Skip to main content

Active Thinking

At GAM Investments’ latest active thinking forum, David Dowsett discusses recent market moves, as well as the importance of the upcoming Chinese Communist Party Congress in setting the Chinese policy agenda.

12 October 2022

Last week began strongly when slightly weaker data, particularly in the US, led to speculation about when the Federal Reserve (Fed) might pivot. Later in the week, however, we saw somewhat stronger data and comments from the Fed which dashed hopes of an imminent pivot. To illustrate this, using the S&P 500 as the basic denominator, the index was up more than +5% in the first two days of the week but ended the week at +1.5%. Bond market trading was equally volatile. These moves are in contrast to September when all assets fell consistently. We believe this volatile trading is likely to characterise the next few weeks as we also expect data to become increasingly two-way. We are not yet at the end of the interest rate hiking cycle but there will be increased speculation over time as to how many more interest rate hikes there are to come, which will significantly shape the markets we are trading in. The most important focal point this week will be the US CPI data release, which could lead to significant market volatility.

Many of our fixed income portfolio managers have been very cautious on duration throughout the course of the year, as well as cautious on risk markets as a result, but that view is beginning to balance not only because of the yield levels that we are reaching in core markets but also because of the value that is being created in riskier markets. Our investors recognise there is a growing penalty for being underweight duration, owing to the significant rise in yields. This is an important first step as ultimately, we have to see some stability in fixed income before we can begin to build gains in equities and other risk markets.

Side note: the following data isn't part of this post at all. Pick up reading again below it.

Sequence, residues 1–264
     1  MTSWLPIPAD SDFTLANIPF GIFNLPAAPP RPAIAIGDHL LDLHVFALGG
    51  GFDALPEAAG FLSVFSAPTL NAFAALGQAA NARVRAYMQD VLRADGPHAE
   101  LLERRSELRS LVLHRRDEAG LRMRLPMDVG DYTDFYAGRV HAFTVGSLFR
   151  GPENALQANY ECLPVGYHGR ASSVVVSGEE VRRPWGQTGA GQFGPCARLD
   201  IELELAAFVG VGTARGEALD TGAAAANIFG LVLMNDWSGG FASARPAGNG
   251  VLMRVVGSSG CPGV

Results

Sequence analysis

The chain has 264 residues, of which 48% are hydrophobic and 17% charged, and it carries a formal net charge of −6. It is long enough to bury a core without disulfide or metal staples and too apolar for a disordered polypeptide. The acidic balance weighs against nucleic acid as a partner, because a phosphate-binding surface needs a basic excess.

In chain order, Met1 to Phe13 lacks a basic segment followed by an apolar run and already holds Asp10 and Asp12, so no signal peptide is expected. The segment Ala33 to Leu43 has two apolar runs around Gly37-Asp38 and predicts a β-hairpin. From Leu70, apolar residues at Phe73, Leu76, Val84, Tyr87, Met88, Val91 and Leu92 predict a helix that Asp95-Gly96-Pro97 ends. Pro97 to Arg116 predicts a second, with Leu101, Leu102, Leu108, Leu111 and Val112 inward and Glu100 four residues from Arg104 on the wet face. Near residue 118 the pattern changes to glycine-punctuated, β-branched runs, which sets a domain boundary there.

The Chinese Communist Party Congress begins later this week, which will be crucially important in setting the Chinese policy agenda for the next few years. There is no fully formed consensus as to what will come out of the China Congress but the market generally would like to see more policy direction. Over the last two years, the focus has been almost entirely on zero-Covid and therefore any direction on real estate, on how China will reenergise growth and deal with bad debts belonging to state-owned enterprises, all of which have fallen by the wayside, will be welcome. We think this is a realistic expectation.

In recent days, we have also seen US curbs on Chinese access to semiconductor technology which has led to falls for semiconductor stocks in China, some of which have followed through to the US. We regard this as a continuation of the deglobalisation trade which is manifesting itself, but which does not necessarily have to be bad for markets.

Important legal information
The information in this document is given for information purposes only and does not qualify as investment advice. Opinions and assessments contained in this document may change and reflect the point of view of GAM in the current economic environment. No liability shall be accepted for the accuracy and completeness of the information. Past performance is not a reliable indicator of future results or current or future trends. The mentioned financial instruments are provided for illustrative purposes only and shall not be considered as a direct offering, investment recommendation or investment advice. The securities listed were selected from the universe of securities covered by the portfolio managers to assist the reader in better understanding the themes presented and are not necessarily held by any portfolio or represent any recommendations by the portfolio managers. There is no guarantee that forecasts will be realised.

Related Articles

Active Thinking: Merger Arbitrage – Probability and risk

Albert Saporta

Active Thinking: Top of the Luxury Pyramid

Flavio Cereda

Active Thinking: Japan – Are we finally at a turning point?

Ernst Glanzmann

Active Thinking